In Which I Have Nothing Original to Add to the Discussion on: Howards End (1910), by E.M. Forster

Howards EndThis book is #65 on my Classics Club list.

Right. I didn’t have a whole lot to say about Howards End, so I decided to go away and read some reviews to see what other people are saying about the book. And it seems like all the reviews, positive or negative, seem to more or less agree on a few main points:

1. The novel is about class. Some other stuff too, but people mostly seem to agree that it’s about class. Because there’s three families, and two of them are rich enough and marry one another, and one is not. This is all very sad and tragic and allows Forster to make some profound comments on the way that class works in the twentieth century. Don’t ask me what they are, I just know they’re profound. Continue reading

How to Pick a Classic; Or, Canons and Anti-Canons

contemporary classicsThis month The Classics Club asked us to consider which books, published since the year 2000, we think will become classics in the future.

I’m going to try and be a little bit provocative here (or maybe just plain annoying, take your pick), and say that I honestly don’t know which books will become classics fifty or one hundred years from now. And I’ll go even further and say that it’s probably pointless to try and speculate today what people in the future will value, enjoy, and celebrate. Because let’s face it – it’s impossible to tell. If you’d told our straight-laced Victorian forbears (or, well, your straight-laced Victorian forbears, if you happen to be English) that in one hundred and thirty years everybody would be reading a book about kinky sex (50 Shades of Grey), or that one of ‘the’ modernist novels is about a self-obsessed Hungarian-Jewish-Irishman who masturbates in public and thinks about food a lot (Ulysses), they probably would have quivered from their toes all the way to their big black hats.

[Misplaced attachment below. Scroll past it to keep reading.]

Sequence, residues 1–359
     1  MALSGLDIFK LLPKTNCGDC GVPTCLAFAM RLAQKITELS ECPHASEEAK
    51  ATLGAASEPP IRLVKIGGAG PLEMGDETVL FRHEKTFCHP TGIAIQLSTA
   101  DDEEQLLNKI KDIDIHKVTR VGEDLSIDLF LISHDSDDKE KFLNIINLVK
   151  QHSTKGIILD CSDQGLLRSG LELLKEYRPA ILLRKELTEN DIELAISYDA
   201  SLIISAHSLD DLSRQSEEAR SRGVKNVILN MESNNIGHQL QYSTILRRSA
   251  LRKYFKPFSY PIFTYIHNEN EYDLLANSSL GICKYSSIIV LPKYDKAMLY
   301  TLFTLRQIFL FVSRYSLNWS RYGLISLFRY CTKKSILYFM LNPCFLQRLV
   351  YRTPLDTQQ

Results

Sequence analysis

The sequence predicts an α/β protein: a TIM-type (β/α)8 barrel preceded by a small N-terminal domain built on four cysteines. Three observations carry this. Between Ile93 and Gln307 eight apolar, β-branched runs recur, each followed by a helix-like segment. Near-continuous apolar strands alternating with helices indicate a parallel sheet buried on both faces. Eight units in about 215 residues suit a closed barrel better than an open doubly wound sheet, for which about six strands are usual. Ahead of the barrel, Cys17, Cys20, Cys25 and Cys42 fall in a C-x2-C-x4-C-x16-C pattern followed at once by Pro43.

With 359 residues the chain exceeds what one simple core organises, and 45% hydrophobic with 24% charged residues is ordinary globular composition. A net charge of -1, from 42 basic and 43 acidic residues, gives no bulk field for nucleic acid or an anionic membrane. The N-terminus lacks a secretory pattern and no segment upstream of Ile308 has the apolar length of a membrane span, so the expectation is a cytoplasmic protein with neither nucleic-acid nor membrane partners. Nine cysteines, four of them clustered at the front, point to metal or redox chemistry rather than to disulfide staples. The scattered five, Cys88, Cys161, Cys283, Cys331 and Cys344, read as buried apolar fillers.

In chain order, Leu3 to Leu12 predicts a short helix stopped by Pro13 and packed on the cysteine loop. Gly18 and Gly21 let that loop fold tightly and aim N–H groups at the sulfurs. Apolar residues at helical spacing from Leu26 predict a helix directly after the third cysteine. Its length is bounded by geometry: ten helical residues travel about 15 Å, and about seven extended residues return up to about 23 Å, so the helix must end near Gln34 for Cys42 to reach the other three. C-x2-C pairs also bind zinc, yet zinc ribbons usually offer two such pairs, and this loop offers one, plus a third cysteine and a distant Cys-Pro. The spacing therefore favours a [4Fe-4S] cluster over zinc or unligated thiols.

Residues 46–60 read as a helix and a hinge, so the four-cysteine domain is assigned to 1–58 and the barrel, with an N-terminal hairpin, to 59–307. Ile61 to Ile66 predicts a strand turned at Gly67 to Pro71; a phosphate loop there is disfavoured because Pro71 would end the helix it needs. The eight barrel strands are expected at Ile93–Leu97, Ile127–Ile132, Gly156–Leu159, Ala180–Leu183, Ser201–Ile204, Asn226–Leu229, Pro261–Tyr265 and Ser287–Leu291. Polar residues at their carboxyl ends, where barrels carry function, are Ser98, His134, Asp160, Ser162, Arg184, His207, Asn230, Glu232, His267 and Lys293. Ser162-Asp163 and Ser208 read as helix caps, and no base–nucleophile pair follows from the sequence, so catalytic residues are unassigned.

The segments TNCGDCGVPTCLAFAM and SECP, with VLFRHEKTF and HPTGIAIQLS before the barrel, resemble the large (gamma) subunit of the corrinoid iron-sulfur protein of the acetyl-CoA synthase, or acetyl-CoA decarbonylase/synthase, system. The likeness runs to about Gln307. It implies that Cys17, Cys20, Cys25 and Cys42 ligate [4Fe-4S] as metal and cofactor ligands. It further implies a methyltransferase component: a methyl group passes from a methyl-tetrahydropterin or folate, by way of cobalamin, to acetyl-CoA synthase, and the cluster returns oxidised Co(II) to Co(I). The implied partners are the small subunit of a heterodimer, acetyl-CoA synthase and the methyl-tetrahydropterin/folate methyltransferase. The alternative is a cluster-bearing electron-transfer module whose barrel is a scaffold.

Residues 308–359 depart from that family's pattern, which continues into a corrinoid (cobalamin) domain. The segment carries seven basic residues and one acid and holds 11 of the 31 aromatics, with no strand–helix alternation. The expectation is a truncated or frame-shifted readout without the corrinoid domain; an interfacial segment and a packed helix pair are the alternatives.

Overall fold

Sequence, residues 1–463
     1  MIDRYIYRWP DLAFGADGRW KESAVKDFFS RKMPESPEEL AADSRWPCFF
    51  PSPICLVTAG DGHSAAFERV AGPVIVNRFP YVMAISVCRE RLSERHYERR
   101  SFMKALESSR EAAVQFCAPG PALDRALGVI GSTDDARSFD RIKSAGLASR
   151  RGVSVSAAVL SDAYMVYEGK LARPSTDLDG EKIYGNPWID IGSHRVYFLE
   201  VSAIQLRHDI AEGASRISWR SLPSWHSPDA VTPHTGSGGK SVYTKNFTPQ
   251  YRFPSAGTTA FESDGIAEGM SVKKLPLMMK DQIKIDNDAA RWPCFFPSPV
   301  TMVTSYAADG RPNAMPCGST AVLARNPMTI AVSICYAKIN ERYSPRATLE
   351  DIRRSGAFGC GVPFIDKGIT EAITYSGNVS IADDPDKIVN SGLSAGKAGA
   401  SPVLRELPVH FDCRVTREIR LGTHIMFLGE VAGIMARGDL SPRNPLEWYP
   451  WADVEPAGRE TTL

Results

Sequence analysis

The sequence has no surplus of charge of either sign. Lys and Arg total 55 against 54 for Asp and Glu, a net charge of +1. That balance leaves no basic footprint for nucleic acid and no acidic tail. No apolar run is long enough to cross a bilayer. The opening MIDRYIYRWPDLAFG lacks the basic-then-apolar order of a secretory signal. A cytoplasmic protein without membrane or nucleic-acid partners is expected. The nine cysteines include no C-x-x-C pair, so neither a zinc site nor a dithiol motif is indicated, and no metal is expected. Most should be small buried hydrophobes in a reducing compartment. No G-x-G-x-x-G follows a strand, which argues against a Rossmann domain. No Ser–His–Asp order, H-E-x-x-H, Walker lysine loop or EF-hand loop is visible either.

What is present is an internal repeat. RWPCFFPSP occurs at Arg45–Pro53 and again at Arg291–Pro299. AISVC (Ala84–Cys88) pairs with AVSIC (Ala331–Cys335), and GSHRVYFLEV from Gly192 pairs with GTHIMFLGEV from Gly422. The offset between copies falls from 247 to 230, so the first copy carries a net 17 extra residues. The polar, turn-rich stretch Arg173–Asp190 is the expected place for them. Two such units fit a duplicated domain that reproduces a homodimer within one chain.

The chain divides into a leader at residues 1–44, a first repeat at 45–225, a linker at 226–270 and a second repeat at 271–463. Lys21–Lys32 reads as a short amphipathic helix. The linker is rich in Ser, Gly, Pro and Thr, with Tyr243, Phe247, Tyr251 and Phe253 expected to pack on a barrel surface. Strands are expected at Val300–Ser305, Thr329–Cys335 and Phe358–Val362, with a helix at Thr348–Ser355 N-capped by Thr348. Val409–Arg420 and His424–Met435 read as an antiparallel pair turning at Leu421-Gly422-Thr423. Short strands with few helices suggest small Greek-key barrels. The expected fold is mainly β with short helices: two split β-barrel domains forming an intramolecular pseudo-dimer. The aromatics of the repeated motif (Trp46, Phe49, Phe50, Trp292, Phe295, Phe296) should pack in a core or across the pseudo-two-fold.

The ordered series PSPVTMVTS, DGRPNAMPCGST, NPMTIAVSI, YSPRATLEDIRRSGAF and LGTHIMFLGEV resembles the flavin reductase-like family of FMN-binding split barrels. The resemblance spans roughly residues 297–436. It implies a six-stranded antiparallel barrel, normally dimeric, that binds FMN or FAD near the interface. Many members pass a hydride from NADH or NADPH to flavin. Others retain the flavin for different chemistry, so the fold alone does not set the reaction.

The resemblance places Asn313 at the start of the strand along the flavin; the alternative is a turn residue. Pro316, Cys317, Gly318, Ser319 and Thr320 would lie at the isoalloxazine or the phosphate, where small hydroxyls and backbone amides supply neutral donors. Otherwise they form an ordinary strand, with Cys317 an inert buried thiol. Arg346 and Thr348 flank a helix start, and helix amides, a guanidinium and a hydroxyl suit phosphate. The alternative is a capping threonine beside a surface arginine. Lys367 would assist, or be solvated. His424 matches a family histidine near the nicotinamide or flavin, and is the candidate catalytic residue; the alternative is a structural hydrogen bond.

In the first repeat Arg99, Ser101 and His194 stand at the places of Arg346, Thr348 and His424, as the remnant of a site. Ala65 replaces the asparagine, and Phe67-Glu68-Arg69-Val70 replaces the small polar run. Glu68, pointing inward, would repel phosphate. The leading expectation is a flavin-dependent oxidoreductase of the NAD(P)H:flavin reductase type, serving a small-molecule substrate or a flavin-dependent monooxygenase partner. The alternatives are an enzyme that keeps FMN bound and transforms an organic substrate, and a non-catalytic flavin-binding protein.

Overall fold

Continue reading

Summer Plans, And All That Stuff

summerplansCue dramatic music, please… because I am finally ready to resume normal life. Yes, that’s right, I’ve finally finished my university work for this year. That means that I can now return to regularly programmed human activities, such as showering, holding conversations that last for more that fifteen minutes (and are related to something other than essays and assignments), and actually, you know, leaving the house more than twice a week.

So what have I got planned for my extended summer holidays? Well, I can’t say for sure yet, but I can say with some certainty that it will involve a lot of books. Continue reading

Classics Club Meme: Favourite Literary Period

classicsclub1This month The Classics Club asked a very interesting question: what is your favourite “classic” literary period and why?

Now, for someone who has devoted their life to studying literature, that sort of question is a little like asking a marine biologist what their favourite kind of fish is. Or asking a music lover what their favourite Beatles song is. Or asking just about anybody what their favourite episode of Friends is. (Because who doesn’t like Friends?) Continue reading